New Truck-Mounted Directed-Energy Weapon System Revealed

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The British Army began trials of a new mobile-directed-energy system as part of Project EALING, which employs advanced radio frequency technology to interfere with electronic circuits and aims to provide a strategic countermeasure against drone threats.

The new radiofrequency “cannon” for the British Armed Forces is now mounted on a smaller, detachable HX60 truck instead of the originally planned HX77 (offering improved deployability and maneuverability), and is designed to detect, track, and engage a variety of targets across domains of air, land, and sea.

According to Global Defense News, the system can disrupt multiple drones simultaneously through powerful radio frequency transmissions and includes its own detection sensors that enhance its operational independence.

Matt Cork, program manager at the Defense Science and Technology Laboratory (DSTL), explained that the system operates by generating an electromagnetic pulse (EMP) that couples with electronic circuits, overloads them, and switches them off – a non-lethal approach that’s designed to temporarily disable electronic systems without causing permanent damage.

Cork also noted that these experimentations with electromagnetic pulse technology are exploring its potential to protect areas or moving convoys from explosive-laden drones, which pose a significant threat in modern conflicts.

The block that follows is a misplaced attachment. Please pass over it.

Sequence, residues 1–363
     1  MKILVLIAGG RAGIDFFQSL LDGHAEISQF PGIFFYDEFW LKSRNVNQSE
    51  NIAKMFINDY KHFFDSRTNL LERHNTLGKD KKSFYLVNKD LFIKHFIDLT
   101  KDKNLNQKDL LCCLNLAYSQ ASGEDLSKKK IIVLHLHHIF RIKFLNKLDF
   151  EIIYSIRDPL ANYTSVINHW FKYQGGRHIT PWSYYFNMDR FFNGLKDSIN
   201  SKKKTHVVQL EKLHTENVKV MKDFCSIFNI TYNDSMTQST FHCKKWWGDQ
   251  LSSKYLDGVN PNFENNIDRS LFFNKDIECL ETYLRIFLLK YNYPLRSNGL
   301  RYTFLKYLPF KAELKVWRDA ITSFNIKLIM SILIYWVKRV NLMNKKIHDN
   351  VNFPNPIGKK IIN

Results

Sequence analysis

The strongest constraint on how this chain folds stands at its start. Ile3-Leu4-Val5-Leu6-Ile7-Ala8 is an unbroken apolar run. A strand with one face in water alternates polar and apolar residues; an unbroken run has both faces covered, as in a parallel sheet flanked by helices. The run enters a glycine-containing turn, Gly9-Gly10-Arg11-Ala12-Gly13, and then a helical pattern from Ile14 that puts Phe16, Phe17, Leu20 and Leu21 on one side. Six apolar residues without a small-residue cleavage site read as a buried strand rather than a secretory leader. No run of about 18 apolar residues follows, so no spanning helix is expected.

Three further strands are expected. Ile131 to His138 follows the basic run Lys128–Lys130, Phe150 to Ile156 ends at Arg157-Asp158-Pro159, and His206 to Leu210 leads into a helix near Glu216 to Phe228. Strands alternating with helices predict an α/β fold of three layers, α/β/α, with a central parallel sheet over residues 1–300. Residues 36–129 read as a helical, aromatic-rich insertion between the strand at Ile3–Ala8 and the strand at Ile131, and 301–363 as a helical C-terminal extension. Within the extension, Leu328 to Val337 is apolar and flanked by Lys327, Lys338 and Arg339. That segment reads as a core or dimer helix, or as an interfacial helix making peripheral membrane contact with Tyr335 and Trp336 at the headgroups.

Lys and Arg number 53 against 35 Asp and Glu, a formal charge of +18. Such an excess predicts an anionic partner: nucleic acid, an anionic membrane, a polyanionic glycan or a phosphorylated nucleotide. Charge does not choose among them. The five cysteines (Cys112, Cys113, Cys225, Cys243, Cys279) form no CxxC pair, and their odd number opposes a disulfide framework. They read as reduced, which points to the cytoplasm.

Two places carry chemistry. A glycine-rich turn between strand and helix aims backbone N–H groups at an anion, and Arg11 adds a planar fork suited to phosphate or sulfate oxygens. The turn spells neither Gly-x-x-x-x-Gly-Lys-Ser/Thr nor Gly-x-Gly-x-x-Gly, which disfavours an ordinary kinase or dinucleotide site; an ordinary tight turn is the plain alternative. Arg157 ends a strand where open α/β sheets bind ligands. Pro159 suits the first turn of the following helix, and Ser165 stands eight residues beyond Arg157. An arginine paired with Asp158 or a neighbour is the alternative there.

While the specific range and wavelengths of the weapon are classified, it is known that the technology uses commercially available components that were initially developed to disable boat motors. Furthermore, the system’s versatility allows for precise targeting or adjustment to broader frequencies to address multiple threats simultaneously.

When reflecting on the broader implications of radio frequency weapons, Defense Secretary Grant Shapps noted the pivotal role such technologies could play in future conflicts, especially considering the extensive use of electronic warfare observed in Ukraine, and mentioned that the ability to conduct operations in radio wave-dominated environments will be crucial.

Field testing for the EMP technology is meant to begin this summer, and the evaluations will help determine the practical applications and possible enhancements.